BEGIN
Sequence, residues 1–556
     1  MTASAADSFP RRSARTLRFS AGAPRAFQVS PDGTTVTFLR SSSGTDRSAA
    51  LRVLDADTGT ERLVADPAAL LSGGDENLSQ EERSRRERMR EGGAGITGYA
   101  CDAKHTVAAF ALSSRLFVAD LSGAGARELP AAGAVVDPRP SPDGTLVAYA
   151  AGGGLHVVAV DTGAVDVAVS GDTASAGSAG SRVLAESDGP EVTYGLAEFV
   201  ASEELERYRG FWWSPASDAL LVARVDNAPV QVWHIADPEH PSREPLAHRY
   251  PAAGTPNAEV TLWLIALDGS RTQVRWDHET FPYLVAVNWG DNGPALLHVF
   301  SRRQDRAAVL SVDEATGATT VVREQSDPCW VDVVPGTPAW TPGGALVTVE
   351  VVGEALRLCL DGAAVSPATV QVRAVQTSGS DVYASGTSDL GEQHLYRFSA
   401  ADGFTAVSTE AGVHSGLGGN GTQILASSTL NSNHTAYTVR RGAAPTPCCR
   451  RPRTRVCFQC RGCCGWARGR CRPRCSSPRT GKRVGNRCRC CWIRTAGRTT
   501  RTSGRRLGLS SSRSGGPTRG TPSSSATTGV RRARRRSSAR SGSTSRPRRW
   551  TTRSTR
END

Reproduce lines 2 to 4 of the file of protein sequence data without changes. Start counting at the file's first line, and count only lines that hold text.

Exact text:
     1  MTASAADSFP RRSARTLRFS AGAPRAFQVS PDGTTVTFLR SSSGTDRSAA
    51  LRVLDADTGT ERLVADPAAL LSGGDENLSQ EERSRRERMR EGGAGITGYA
   101  CDAKHTVAAF ALSSRLFVAD LSGAGARELP AAGAVVDPRP SPDGTLVAYA